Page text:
(emphasis added.) The majority's half-hearted attempts to distinguish Dobbert are unpersuasive. Indeed, the majority *46 does not determine that there is any meaningful distinction between appellant's situation and Dobbert's, majority opinion at 454-455, n. 3, for the simple reason that none exists.

Accordingly, I dissent to the vacation of appellant's death sentence and would hold that appellant was properly and fairly sentenced under the Act of September 13, 1978. I concur in the affirmance of appellant's convictions.


[1] The Commonwealth was granted an extension of time for commencement of trial on the other charges pursuant to Criminal Procedural Rule 1100(c).

[2] Nor does the record support appellant's claim that delay in bringing this case to trial constituted a violation of Rule 1100. Although the delay was extraordinary, resulting in trial thirty-four months after appellant's arrest, this delay was occasioned by a combination of legitimate factors, including appellant's successful request for a severance of the Barbara Coates charges, the parties' unavailability for trial during the period of the Barbara Coates trial, appellant's waiver of Rule 1100 while his pretrial motions were pending, his concurrence in extensions of time sought by the Commonwealth, the illness and death of his counsel, and the assignment of new counsel to represent him.

[3] The Commonwealth relies upon Dobbert v. Florida, 432 U.S. 282, 97 S. Ct. 2290, 53 L. Ed. 2d 344 (1977), which sustained the application of Florida's revised death penalty law to an offense committed prior to the statute's enactment. In so ruling, the Supreme Court held that changes in the law did not subject the defendant to trial under an ex post facto law since the revisions, which changed the forum for determining the death penalty from a jury to a judge acting with an advisory jury and removed the previous presumption in favor of the death penalty, were simply "procedural" or "ameliorative."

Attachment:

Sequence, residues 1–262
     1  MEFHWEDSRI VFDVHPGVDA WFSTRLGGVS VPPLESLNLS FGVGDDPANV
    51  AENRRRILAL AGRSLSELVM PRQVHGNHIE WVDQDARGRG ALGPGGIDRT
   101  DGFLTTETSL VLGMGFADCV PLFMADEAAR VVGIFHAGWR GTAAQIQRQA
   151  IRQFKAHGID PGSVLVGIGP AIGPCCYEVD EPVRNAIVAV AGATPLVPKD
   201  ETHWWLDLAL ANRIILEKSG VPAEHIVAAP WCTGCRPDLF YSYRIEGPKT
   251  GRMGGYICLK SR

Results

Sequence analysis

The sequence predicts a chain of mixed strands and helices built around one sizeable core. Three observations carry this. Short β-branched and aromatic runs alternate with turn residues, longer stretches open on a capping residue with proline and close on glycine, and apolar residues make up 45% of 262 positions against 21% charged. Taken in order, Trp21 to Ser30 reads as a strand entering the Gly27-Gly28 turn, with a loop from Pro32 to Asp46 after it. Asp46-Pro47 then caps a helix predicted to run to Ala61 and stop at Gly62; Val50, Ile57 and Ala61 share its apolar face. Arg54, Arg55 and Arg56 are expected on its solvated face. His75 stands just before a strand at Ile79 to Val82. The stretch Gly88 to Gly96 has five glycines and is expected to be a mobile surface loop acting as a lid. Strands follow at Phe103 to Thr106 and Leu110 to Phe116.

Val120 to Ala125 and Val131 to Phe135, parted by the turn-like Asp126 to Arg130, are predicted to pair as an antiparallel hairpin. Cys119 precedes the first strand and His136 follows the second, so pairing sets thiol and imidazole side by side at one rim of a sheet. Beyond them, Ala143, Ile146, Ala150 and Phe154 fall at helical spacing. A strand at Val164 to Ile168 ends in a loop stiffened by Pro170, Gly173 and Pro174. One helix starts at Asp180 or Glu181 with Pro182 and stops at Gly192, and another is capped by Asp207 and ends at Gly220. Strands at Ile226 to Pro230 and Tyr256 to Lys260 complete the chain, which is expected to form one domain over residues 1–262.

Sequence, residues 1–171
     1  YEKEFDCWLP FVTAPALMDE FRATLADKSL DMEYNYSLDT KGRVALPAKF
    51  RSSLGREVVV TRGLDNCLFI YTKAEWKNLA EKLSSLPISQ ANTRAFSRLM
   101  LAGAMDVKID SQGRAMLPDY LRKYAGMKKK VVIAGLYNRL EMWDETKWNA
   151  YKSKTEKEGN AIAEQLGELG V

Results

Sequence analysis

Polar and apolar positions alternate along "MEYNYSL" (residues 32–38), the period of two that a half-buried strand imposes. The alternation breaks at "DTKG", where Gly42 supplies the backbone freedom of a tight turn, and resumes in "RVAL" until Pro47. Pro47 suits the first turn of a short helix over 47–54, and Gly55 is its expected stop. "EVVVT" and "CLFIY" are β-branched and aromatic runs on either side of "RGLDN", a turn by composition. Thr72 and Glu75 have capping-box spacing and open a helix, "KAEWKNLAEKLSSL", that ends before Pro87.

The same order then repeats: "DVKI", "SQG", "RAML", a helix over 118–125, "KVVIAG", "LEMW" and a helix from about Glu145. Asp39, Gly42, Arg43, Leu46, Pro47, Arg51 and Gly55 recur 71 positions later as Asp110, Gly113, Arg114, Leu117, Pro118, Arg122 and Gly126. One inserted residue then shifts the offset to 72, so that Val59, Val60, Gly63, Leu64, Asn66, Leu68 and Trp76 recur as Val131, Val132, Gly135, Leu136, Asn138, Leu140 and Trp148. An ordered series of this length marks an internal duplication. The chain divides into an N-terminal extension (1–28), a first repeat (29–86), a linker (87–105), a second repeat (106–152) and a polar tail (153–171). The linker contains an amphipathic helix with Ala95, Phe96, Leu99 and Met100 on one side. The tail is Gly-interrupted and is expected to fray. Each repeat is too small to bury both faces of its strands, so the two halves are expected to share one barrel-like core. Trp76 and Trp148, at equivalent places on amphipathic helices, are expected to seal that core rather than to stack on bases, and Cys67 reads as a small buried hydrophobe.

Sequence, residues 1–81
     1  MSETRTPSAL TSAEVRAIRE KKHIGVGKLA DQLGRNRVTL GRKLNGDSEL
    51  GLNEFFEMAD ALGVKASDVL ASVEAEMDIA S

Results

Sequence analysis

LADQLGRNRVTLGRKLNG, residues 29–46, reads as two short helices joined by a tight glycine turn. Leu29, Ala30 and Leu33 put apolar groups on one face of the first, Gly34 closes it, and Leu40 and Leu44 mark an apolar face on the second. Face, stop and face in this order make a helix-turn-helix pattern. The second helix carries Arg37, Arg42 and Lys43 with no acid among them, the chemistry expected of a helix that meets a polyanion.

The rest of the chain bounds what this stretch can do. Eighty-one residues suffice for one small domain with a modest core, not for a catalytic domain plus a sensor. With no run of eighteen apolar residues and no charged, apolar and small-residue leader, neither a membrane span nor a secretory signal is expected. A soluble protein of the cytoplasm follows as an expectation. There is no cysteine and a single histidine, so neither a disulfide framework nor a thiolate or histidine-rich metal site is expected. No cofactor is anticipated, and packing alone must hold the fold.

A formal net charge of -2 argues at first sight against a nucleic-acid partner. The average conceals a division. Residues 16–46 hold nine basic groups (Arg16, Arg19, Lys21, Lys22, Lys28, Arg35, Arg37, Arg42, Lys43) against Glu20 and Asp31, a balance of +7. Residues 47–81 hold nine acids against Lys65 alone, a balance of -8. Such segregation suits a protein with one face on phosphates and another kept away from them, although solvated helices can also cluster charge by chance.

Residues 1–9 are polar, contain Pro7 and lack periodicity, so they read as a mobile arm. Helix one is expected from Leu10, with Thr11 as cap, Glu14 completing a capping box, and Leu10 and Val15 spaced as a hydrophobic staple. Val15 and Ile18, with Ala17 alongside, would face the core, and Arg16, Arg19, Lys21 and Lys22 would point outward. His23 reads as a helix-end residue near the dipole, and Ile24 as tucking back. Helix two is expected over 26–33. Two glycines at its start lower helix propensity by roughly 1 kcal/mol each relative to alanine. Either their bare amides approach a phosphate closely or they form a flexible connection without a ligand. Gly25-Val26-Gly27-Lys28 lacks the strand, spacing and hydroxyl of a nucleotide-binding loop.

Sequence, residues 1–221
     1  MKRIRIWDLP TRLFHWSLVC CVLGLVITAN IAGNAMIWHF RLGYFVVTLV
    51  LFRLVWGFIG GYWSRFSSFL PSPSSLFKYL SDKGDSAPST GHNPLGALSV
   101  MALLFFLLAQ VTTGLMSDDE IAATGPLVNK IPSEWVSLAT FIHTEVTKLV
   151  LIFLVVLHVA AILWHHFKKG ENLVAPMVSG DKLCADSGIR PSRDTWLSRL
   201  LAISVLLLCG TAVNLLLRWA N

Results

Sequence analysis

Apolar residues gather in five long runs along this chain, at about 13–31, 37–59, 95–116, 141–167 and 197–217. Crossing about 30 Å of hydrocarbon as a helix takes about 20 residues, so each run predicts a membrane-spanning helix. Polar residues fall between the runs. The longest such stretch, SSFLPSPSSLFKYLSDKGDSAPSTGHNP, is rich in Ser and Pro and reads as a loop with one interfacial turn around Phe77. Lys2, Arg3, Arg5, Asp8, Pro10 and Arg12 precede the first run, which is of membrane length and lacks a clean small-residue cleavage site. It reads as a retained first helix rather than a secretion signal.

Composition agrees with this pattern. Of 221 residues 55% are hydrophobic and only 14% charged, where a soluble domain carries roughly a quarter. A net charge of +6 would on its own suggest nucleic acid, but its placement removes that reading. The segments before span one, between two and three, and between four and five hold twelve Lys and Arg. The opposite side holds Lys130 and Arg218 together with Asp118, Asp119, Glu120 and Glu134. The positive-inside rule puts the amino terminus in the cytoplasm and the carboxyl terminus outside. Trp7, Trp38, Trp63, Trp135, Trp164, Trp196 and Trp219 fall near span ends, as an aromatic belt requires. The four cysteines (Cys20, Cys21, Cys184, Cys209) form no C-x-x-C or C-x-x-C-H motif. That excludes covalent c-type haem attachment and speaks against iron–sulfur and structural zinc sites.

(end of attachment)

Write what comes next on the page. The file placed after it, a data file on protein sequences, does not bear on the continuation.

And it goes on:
Appellant distinguishes Dobbert on the ground that Pennsylvania's present death penalty statute, unlike the statute in Dobbert, makes the degree of proof at the death penalty hearing more onerous to the defendant than did the prior law. Although under the present statute the defendant may introduce any evidence relevant to the existence of mitigating circumstances and is not limited to an exclusive list of mitigating circumstances as he was under the 1974 statute, the existence of one or more mitigating circumstances is no longer an absolute bar to the imposition of the death penalty as it was under the 1974 statute. That statute provided: "If a murder of the first degree . . . is accompanied by at least one of the following mitigating circumstances the person convicted shall be sentenced to life imprisonment." Section 1311(d). Instead, under the 1978 statute, "[t]he verdict must be a sentence of death . . . if the jury unanimously finds one or more aggravating circumstances which outweigh any mitigating circumstances." Section 1311(c)(1)(iv). Accordingly, because the jury found that there were mitigating circumstances in appellant's case and nevertheless returned the death penalty, a result that would have been impermissible under the law in effect at the time the offenses were committed, appellant argues that he has been subjected to an ex post facto law under the standard announced in Dobbert.